Are Nonprofits the Answer to Financial Woes in a State Parks Department?

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October 4, 2011; Source: SonomaNews.com  |  Nonprofits have shouldered some of the work of government for quite a while, increasingly so since the recession has forced so many states to deal with multi-billion dollar budget deficits. A $22 million, two-year reduction in the budget of the California Department of Parks and Recreation passed by the legislature this past spring led Parks and Rec to announce plans to close 70 of 278 parks across the state. Facing their own budget crunches, cities and counties in the Golden State have not been willing to step in to keep the parks open.

This coming Sunday, California Governor Jerry Brown will decide whether to allow nonprofits to run some state parks that were slated to close. A bill allowing for such partnerships, AB 42, was introduced by Assembly Member Jared Huffman (D-San Rafael) at the end of last year. As NPQ reported, it was passed by the California State Senate in early Sepetember.

According to Elisa Stancil, Vice President of the board of Sonoma’s Valley of the Moon Natural History Association, the organization has no experience in running public parks. But she and her colleagues are working just about full-time to create a “winning plan” to keep local parks open. The Association’s concept for Jack London State Historic Park aims to make the park financially viable within three years by generating income from renting out the park for entertainment and other paid events such as weddings and photo shoots.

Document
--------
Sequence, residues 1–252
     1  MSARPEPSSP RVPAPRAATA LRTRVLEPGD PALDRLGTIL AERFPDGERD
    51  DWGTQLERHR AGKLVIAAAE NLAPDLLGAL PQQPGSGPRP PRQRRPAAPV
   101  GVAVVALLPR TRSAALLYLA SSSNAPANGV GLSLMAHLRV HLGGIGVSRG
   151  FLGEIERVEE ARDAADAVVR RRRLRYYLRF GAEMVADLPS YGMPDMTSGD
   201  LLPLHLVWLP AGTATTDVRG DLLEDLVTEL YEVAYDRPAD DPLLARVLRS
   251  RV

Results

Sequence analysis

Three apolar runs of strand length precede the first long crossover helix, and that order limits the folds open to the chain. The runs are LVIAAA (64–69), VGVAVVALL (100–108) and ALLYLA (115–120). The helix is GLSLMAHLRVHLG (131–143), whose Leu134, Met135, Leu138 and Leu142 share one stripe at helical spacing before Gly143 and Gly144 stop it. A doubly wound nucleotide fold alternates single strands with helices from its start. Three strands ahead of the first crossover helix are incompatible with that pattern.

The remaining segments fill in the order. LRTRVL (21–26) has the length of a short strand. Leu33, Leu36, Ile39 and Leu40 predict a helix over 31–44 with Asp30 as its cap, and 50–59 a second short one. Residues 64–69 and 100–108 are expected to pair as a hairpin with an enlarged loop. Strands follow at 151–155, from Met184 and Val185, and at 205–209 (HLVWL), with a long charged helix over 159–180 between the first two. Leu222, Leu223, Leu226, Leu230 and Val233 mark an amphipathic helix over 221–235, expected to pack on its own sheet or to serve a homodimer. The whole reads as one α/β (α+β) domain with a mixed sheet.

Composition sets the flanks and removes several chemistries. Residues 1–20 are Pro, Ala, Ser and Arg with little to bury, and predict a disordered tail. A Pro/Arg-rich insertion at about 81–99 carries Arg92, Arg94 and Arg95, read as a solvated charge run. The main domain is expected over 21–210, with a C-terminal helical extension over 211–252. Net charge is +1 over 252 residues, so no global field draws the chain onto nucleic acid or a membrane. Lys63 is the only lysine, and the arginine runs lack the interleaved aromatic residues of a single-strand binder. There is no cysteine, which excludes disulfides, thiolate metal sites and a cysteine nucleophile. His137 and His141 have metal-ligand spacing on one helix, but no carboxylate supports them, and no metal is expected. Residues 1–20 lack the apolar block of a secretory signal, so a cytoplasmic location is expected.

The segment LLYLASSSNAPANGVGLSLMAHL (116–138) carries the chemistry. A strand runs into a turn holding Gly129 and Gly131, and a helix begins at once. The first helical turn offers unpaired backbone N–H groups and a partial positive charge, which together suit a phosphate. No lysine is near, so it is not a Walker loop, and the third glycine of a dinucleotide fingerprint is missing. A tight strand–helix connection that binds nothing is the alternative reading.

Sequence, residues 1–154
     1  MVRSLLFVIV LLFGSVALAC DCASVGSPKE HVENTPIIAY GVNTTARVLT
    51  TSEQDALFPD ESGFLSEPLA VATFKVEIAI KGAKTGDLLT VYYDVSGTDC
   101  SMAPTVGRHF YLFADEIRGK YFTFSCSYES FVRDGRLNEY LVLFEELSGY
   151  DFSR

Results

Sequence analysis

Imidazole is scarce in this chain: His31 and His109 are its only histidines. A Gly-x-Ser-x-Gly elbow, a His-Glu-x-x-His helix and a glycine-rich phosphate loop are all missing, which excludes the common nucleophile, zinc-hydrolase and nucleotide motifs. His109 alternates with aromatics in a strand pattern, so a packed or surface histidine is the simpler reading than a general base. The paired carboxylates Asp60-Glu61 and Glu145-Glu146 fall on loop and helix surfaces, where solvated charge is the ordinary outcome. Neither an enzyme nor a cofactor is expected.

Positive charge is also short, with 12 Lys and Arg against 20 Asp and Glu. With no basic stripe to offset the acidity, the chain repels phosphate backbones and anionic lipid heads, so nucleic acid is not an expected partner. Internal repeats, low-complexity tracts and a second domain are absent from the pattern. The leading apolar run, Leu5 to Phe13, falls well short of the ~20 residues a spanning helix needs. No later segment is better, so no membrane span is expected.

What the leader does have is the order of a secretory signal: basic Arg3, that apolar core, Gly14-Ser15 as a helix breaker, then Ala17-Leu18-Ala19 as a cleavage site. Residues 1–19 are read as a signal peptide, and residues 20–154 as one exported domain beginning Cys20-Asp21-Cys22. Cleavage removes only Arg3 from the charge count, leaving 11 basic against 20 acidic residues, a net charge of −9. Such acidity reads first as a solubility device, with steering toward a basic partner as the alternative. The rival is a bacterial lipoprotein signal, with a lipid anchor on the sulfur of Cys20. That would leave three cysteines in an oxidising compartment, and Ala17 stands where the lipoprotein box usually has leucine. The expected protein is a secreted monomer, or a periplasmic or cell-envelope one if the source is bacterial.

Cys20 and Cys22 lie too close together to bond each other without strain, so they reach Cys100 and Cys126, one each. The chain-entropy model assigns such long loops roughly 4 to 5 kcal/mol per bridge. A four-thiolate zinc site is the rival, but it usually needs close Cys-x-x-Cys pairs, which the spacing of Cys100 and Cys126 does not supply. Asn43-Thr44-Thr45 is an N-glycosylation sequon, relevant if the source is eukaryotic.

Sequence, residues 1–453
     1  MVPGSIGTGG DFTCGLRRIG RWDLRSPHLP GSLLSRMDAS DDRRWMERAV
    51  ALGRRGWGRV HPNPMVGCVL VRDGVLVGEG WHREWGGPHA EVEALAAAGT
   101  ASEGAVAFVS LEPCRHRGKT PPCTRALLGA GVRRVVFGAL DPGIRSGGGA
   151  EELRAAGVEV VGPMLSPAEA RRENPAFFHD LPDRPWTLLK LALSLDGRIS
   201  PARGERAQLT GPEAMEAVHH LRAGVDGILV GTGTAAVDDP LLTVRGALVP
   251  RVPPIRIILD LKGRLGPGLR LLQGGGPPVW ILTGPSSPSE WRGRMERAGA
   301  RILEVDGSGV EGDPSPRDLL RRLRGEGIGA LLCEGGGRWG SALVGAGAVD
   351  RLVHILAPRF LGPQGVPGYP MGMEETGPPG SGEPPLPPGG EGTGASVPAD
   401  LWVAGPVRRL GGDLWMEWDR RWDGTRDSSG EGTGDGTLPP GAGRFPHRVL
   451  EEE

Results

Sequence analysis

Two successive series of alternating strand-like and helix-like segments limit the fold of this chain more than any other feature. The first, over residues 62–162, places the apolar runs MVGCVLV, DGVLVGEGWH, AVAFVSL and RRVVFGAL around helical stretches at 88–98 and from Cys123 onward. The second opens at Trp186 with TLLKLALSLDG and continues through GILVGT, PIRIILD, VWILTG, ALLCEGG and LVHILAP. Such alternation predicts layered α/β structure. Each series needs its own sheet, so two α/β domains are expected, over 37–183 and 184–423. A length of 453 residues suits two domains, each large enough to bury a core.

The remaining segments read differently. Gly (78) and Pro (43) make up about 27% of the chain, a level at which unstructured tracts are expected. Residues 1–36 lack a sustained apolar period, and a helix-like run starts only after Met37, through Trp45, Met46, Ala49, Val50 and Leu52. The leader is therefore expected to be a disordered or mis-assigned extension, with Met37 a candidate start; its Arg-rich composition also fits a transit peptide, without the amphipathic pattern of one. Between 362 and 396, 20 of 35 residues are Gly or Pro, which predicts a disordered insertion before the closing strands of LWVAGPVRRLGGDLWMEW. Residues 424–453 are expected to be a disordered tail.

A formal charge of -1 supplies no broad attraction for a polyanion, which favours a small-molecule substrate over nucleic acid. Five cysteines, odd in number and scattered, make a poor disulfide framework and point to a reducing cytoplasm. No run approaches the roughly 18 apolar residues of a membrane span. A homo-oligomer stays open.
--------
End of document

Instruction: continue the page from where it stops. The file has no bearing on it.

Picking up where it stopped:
The question of whether nonprofits can save parks from closing has been raised quite a bit lately both in California, and as NPQ reported, in neighboring Arizona. We’ll be curious to see if nonprofits can do a better job than government at preserving some of these precious places for California residents and visitors.—Kristin Barrali

  • Christine Sculati

    Gov. Jerry Brown signed AB 42 yesterday (Oct. 4) opening up opportunities for the state to enter into operating agreements with nonprofits. While 70 parks are on the closure list, AB 42 will only allow these agreements with up to 20 nonprofits. Many nonprofits that would be likely candidates (like the one in Sonoma Valley) are currently all volunteer and would need funds to build the capacity needed to lead, run and fundraise for parks.